The Desert Dreams of Flying to the Moon
Excerpt from People Who Live Inside You: a memoir of flight
by Sharman Apt Russell
I am watching a YouTube video of my father’s death. The film was made by the United States Air Force in 1956 and declassified over fifty years later so I can see it now on my computer screen at home. The heavy B-50 flies alone through the gray-toned sky before releasing the small experimental X-2, designed to glide until its rocket engines power, explode, and push the plane forward. Silently, without music or narration, the X-2 flashes into the distance, sleek with pointed nose and swept-back wings, faster, faster, over three times the speed of sound, faster than any human being has flown before. At the end of this test flight, the X-2 is meant to glide again, landing on a dry lakebed at Edwards Air Force Base in southern California. My father is the pilot. I stare at the vanishing plane with a frisson of knowledge, holding on to the moment before loss, and wanting to warn: Don’t go so fast today. I play with time, wanting to change time and knowing I would be changing myself, something I cannot really imagine. What would I be without a dead father?
Abruptly, the video shows footage from inside the cockpit, a camera there positioned to view the instrument panel. Here is the back of my father’s head. He is wearing a helmet, which moves jerkily across the screen as the X-2 becomes unstable, rolls, gyrates, spins. No one knew this would happen. That’s why someone had to test the plane. Part of the screen, now half the screen, is a bright white light, irregular shapes of light fraught with meaning like an abstract piece of art. Everything on that canvas is significant, emotional, ineluctable. My father is being thrown about this tiny space filled with light. In seconds, he is jettisoning the cone of the plane which also serves as an escape capsule.
That’s the last I see of him. Rectangles, bright light, the back of a head. For the next twenty minutes of this video, the Air Force forensic team examine the debris on the ground. There are slow pans over pieces of metal, a broken wing, the wreckage of the capsule. We see its dark interior. Thankfully, we don’t see much. Men take photographs. They stand around in groups of three, four, eight. These men are everywhere on the dry lakebed, some wearing white shirts and ties, some in uniforms, some carrying guns. They all seem somber, puzzled, peering at crumpled metal, reaching in, pulling out wires. A boxy helicopter kicks up dust. Other helicopters come and go. The film records the departure of an ambulance-sized vehicle. Perhaps my father’s remains are being taken away. More men trudge through sand, stare, murmur, pick up something.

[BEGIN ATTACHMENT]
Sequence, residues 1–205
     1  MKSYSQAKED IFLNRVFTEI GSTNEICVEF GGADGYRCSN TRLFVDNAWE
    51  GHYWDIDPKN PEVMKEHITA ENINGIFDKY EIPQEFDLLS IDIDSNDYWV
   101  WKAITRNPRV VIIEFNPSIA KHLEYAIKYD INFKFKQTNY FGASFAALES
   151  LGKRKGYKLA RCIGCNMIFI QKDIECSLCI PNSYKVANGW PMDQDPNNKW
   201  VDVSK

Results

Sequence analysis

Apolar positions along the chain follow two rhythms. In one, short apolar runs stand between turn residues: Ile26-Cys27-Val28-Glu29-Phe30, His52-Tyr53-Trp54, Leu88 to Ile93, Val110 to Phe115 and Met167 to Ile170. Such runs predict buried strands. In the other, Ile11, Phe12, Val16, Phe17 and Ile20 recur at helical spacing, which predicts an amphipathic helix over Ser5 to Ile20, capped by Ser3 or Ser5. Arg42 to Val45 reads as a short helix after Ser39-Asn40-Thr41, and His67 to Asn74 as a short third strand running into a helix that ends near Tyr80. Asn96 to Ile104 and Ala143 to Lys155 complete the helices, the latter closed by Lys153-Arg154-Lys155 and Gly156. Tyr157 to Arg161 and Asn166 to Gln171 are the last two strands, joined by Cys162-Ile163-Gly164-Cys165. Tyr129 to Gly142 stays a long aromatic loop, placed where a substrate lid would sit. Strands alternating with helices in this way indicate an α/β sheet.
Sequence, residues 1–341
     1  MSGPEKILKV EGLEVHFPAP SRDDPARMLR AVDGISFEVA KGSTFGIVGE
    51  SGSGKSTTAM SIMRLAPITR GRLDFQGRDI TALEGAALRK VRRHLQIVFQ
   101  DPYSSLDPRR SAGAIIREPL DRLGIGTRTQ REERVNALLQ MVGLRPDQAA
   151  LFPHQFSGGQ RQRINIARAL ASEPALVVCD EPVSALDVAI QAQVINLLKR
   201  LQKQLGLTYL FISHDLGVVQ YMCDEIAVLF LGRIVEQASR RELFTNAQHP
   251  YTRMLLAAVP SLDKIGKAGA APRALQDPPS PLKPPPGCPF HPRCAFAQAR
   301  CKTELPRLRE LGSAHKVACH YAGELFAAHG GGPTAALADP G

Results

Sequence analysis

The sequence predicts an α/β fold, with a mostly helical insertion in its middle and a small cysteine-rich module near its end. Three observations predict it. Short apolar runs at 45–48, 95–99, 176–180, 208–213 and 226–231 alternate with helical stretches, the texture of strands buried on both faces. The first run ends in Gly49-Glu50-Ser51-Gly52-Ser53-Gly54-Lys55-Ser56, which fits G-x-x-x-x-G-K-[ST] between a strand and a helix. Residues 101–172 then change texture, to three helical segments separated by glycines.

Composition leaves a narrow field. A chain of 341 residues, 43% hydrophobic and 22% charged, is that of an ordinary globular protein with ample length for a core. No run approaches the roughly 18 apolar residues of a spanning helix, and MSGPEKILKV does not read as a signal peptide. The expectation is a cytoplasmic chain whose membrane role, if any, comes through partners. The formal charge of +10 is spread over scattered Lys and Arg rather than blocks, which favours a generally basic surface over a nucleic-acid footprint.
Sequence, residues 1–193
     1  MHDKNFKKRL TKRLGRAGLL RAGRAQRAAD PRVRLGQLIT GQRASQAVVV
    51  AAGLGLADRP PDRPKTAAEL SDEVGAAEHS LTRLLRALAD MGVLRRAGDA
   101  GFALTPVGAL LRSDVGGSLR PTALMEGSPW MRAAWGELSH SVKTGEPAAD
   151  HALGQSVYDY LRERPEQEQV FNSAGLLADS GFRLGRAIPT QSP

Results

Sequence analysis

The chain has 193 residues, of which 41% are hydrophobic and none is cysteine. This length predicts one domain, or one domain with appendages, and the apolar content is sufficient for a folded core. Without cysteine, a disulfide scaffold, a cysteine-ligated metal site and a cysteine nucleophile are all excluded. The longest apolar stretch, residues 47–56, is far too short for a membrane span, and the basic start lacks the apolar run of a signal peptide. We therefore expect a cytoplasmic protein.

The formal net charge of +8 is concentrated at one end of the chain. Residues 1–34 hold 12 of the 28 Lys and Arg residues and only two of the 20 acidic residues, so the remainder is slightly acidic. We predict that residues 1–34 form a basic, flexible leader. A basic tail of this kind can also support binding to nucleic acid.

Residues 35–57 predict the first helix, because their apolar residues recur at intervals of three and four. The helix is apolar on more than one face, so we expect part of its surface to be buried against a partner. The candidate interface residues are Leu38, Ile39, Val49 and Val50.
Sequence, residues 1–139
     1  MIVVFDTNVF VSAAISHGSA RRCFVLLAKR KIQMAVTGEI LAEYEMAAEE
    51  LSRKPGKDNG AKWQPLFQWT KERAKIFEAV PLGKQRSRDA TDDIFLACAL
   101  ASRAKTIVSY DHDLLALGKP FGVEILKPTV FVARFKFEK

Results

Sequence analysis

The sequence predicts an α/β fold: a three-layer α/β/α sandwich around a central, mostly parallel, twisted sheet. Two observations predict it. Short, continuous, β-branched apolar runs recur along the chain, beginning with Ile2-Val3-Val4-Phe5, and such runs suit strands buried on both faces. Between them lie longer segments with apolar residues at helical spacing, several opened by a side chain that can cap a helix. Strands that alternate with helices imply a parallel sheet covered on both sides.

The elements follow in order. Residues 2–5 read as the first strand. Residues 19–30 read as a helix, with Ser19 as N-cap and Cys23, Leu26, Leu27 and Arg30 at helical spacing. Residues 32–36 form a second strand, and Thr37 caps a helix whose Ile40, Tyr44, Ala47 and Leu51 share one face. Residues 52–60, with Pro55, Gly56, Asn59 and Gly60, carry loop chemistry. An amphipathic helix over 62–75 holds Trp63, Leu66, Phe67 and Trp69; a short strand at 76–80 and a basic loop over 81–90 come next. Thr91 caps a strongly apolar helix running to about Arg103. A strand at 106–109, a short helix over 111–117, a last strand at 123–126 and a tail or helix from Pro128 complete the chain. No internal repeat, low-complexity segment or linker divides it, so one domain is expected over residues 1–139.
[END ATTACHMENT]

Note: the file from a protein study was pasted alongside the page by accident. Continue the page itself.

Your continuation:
The Mojave Desert dwarfs this scene of busy hapless men. The filmmakers seemed to want to show that, too, these undulations of hills and mountains, layers of cinnamon-brown and chocolate-brown, sweeps of monotonous light-green creosote. This is the beauty of absence. The unadorned lift of granite and basalt. The empty sky, the empty desert. Only you and I know better. We know how the sky fills with high cirrus clouds, the virga of moisture evaporating as it falls, the great anvils of cumulonimbus. We know the scorpion and grasshopper mouse, the white-winged dove, the owl, the tortoise. We know better because we are in love with this sky and with this land. Even now, from the distance of another century, I can feel the sun’s heat on my arm. I can smell creosote, a mix of turpentine and lemon. I was two years old when my father crashed in the Mojave Desert in the escape capsule of the X-2. I am sixty-five years old now. That span of time is nothing. A rustle of leaves. A flash of light in the corner of your eye.